I thought that maybe I was missing something, that there might be some kind of context I wasn't understanding, or some obscure literary form Joyce was using that I wasn't familiar with, so I turned to our evil overlords at Google for some answers. In trying to read this book, I was coming to the conclusion that Joyce was a troll, that he was sticking his thumb in the eye of the literary world and playing a joke on pretentious critics and academics. Then I started to read about him, and that illusion was broken. Literary Hub has a useful write up:

In 1902, departing on a first trip to Paris, James told his brother and confidant Stanislaus that should he die during the trip, his poetry and prose “epiphanies” must be sent to all the great libraries of the world, including the Vatican.
Nor, as his parents fought and the family sank into poverty, did Joyce hesitate to contact major figures in the literary world: Ibsen, George Russell, W.B. Yeats, and Lady Augusta Gregory, among others. But even as he made these important contacts, the young man courted rejection; a long letter to Ibsen on his 73rd birthday closes with the idea that the great playwright had “only opened the way” and that “higher and holier enlightenment lies—onward.” It was implicit that Joyce himself would be the bearer of that enlightenment. Having arranged an interview with Yeats, he spent most of the conversation criticizing the older writer, remarking on leaving that “I have met you too late. You are too old.” It was always Joyce’s way to have others understand that he was the more important.​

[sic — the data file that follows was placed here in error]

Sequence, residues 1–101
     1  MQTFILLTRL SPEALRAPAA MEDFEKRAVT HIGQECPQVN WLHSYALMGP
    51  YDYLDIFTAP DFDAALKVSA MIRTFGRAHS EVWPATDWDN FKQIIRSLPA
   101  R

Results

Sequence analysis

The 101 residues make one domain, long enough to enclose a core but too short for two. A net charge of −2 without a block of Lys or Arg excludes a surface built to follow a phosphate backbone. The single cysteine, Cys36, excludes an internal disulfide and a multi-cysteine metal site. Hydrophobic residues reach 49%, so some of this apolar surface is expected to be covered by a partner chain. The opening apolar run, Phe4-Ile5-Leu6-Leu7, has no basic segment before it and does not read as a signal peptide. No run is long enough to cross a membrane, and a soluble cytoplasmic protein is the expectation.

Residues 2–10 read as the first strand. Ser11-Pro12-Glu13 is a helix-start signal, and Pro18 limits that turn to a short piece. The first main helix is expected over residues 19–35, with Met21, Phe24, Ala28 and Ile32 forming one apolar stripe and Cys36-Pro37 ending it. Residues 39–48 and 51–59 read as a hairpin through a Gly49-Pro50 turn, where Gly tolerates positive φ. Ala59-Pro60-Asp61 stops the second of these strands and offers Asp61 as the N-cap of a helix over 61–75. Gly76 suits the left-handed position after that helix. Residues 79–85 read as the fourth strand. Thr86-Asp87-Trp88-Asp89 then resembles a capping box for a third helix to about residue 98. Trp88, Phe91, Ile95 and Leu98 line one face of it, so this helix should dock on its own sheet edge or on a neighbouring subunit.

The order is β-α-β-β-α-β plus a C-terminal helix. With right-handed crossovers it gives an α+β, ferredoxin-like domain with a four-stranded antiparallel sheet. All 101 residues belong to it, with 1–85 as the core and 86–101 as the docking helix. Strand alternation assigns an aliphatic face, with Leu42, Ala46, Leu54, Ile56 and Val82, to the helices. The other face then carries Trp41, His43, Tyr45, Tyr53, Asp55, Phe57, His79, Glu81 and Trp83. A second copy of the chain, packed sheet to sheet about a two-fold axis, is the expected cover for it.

The habit of forcing himself into the limelight while simultaneously inviting exclusion is another facet that would emerge in his writing. None of Joyce’s major publications—Dubliners, A Portrait, Ulysses, Finnegans Wake—was completed before being offered for publication.
This was a man so convinced that his farts were perfume, and so intent on smelling them, that he managed to lodge his entire head in his own ass. In writing Ulysses, he cared nothing of the reader's experience or even the reader's understanding of the text. Several of the critical articles I read about this book described it as being about communication, and emphasized the risks Joyce took in his use of language. But Ulysses isn't a monument to broad vocabulary and grammatical art, if anything it is the opposite. The book is barely written in English and smacks of self masturbatory sentence construction exercises meant to entertain the ego of its author. Its repetitive use of nonsense compoundments, obscure vocabulary, obtuse references, and made up lingo mean that the final product is little more than pseudo grammatical word salad served with a dressing of schizophrenic Alogia on the side.